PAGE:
When the desired viscosity is reached, the product is cooled to about 25 C. Since the product is stable on both the acid and alkaline sides, pH adjustment is not necessary. However, if desired, the pH may be adjusted to at least as low as 7.0 by the addition of sulfuric or other acid.

In the polyaminourylene-epichlorohydrin reaction, it is preferred to use a mole ratio of epichlorohydrin to free amine groups in the polyaminourylene of from about 1.0:1 to about 1.7:1. However, more or less may be added to moderate or increase reaction rates. In general, satisfactory results may be obtained utilizing from about 0.8 mole to about 2.0 moles of epichlorohydrin for each free amine group of the polyaminourylene.

The anionic polymer component of the aqueous solution or dispersion in which the fibers of the anionic polyolefin composition containing carboxylic functionality are modified is illustrated in the examples. One of these is the reaction product of glyoxal and the polyacrylamide obtained by copolymerization of acrylamide with acrylic acid. The preparation of an exemplary product is shown in Example E. The amount of the acrylic acid units in the copolymer may be from about two to about 15%. Comparable products can be prepared by partial hydrolysis of polyacrylamide or a poly(acrylamide-co-alkyl acrylate) such as a copolymer of acrylamide with ethyl acrylate. Any of these polyacrylamides can be prepared by conventional methods for the polymerization of water-soluble monomers and preferably have molecular weights less than about 25,000 for example, in the range of from about 10,000 to about 20,000.

The other anionic, nitrogen-containing polymer shown in the examples is the reaction product of glyoxal and the polymer obtained by partial hydrolysis of a branched, water-soluble poly(β-alanine). Preparation of a representative product is shown in Example F. The poly(β-alanine) is prepared by the anionic polymerization of acrylamide in the presence of a basic catalyst and a vinyl or free-radical polymerization inhibitor, and the polymer will have a molecular weight in the range of from about 500 to about 10,000, preferably from about 2000 to about 6000. Because of the extremely exothermic nature of the anionic polymerization, it is preferred to conduct the reaction in a suitable organic reaction medium inert to the reaction conditions and capable of dissolving or slurrying acrylamide. Suitable media include aromatic and aliphatic compounds, for example, toluene, xylene, tetrahydronaphthalene, chlorobenzene, nitrobenzene and dioxane. The concentration of the acrylamide monomer in the reaction medium is in the range of from about two to about 30%, and is preferably from about eight to about 15%. If desired, an organo-soluble polymeric dispersing agent can be added to the reaction mixture prior to the addition of the basic catalyst. When the dispersing agent is employed, the poly(β-alanine) produced is in powdered or bead form, easily filterable from the reaction medium. Suitable dispersing agents are styrene-butadiene copolymers, polyisoprene, chlorinated polypropylene, chlorinated and maleated polyisoprene and chlorinated and maleated polyolefins.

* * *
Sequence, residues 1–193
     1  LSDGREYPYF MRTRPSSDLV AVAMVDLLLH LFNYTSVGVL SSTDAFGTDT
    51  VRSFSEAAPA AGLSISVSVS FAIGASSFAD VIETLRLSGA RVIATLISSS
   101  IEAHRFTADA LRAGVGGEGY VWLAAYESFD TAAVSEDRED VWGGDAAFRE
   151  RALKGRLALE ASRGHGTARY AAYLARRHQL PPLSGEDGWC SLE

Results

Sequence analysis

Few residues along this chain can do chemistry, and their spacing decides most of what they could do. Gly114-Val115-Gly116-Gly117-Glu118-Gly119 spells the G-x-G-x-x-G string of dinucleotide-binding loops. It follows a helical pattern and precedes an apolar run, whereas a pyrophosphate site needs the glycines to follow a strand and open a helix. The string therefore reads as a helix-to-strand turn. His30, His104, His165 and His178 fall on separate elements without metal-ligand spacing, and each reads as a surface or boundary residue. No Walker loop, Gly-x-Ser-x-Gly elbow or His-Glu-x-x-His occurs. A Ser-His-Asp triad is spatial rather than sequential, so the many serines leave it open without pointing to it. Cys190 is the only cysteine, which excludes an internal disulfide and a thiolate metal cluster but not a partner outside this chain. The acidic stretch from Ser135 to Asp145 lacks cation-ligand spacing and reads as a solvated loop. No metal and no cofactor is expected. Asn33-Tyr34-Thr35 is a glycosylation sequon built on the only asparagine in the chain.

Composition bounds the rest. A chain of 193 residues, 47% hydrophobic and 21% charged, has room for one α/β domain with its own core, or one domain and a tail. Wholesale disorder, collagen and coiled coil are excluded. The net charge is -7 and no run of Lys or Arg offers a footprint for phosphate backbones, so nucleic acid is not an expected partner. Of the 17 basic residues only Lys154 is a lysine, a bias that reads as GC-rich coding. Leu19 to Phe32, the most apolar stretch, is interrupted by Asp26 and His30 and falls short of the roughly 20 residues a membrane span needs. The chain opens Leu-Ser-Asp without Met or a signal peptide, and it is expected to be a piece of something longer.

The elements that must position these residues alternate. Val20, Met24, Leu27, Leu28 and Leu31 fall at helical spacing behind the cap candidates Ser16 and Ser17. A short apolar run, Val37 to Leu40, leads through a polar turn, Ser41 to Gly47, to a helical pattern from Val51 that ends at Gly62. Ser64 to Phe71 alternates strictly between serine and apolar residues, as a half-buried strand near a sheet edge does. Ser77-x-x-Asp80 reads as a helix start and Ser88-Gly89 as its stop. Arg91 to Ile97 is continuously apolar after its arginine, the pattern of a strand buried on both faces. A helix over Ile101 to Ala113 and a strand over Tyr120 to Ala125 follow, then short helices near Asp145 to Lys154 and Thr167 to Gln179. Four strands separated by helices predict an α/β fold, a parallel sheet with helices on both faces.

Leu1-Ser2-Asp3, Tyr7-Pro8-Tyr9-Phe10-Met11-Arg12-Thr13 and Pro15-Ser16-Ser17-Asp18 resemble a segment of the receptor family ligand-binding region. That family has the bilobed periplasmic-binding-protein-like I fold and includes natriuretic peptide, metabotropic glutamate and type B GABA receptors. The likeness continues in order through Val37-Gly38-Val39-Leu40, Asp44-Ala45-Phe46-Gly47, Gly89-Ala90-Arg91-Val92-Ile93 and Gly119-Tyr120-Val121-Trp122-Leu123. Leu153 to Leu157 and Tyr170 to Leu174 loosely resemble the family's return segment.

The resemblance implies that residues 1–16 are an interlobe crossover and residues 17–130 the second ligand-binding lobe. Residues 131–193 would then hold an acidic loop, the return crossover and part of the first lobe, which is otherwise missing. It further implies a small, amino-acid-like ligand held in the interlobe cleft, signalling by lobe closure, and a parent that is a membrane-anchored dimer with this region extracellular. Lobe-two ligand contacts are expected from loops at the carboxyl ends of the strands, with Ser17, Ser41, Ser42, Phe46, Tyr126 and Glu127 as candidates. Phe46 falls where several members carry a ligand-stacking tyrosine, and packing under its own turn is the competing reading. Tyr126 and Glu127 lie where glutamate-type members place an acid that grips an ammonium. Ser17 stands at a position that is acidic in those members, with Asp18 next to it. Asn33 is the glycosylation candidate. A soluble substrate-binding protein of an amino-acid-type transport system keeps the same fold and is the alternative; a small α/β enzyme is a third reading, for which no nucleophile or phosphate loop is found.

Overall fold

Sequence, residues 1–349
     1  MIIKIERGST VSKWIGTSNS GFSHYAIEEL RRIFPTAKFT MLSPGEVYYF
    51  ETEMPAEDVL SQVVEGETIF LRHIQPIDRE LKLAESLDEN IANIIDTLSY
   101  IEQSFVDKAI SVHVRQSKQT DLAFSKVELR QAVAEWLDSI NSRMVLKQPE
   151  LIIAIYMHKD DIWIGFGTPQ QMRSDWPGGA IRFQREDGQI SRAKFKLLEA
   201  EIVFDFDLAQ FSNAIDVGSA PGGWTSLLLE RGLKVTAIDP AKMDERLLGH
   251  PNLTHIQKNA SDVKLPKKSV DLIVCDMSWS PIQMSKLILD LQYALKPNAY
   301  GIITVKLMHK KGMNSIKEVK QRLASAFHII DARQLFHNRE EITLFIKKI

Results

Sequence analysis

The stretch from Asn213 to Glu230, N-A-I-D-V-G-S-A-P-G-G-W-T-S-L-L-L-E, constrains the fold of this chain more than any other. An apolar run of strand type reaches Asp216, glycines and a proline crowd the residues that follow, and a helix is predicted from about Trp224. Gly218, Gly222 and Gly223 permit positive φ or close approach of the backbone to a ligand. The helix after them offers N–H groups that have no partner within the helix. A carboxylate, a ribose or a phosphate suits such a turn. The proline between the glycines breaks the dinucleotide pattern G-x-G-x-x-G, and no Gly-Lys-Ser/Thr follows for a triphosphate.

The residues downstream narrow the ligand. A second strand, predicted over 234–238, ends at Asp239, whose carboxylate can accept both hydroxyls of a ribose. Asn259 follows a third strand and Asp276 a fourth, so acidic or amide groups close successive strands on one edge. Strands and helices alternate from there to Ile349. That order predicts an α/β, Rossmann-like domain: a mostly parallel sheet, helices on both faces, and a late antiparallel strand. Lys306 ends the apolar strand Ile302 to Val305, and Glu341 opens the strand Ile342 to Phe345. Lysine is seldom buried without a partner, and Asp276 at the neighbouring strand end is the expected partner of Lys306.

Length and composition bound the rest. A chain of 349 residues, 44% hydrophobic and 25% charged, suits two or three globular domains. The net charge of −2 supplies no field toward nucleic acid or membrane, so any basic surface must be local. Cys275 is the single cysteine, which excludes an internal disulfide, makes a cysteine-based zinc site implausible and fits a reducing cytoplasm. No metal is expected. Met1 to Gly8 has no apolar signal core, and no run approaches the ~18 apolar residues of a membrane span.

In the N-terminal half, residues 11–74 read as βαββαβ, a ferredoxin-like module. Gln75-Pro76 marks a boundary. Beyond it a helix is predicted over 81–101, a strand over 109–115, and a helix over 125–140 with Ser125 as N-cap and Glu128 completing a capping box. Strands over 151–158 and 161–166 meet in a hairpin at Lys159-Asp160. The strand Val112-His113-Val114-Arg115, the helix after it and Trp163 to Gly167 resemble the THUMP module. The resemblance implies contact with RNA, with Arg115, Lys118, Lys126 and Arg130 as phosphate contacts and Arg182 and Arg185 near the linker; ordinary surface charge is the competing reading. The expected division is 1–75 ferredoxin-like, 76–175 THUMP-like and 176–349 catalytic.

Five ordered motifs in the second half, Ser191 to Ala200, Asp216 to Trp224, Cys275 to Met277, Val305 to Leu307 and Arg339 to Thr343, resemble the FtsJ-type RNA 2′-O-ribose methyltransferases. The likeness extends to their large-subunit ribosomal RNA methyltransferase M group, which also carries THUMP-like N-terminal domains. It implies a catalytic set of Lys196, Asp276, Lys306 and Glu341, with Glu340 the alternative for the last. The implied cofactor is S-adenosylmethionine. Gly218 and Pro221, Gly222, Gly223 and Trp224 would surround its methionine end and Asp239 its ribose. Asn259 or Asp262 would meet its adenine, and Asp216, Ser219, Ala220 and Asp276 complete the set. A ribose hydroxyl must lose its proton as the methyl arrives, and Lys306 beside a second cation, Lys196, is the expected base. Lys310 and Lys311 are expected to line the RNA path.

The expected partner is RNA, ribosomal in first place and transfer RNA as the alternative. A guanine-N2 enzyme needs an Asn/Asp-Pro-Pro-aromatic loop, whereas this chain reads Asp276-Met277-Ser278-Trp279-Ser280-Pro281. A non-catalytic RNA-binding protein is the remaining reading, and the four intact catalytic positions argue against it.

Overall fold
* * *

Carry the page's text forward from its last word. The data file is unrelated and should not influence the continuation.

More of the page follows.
Illustrative basic catalysts which can be employed include alkali metals, alkali metal hydroxides, alkaline earth metal hydroxides, quaternary ammonium hydroxides and the alkali metal alkoxides. Specific examples of suitable basic catalysts are sodium, sodium hydroxide, lithium hydroxide, potassium hydroxide, sodium t-butoxide, sodium methoxide, tetramethylammonium hydroxide, potassium t-butoxide and calcium hydroxide. The amount of catalyst used is in the range of about 0.01 to about 2.0 mole %, preferably about 0.1 to about 1.5 mole %, based on the monomer. A free radical inhibitor is added to the reaction mixture to inhibit vinyl polymerization through the double bond of the acrylamide monomer. Examples of free radical inhibitors which can be used are phenyl-β-naphthylamine, hydroquinone, diphenylamine and phenothiazine. The polymerization reaction is conducted at temperatures in the range of from about 40 to about 140 C. and preferably from about 80 to about 130 C. In some cases, the anionic polymerization of acrylamide under the preceding conditions will produce a mixture of water-soluble and water-insoluble poly(β-alanine). The water-soluble polymer can be readily separated by partially dissolving the polymer product in water and removing the insoluble fraction by conventional methods such as filtration.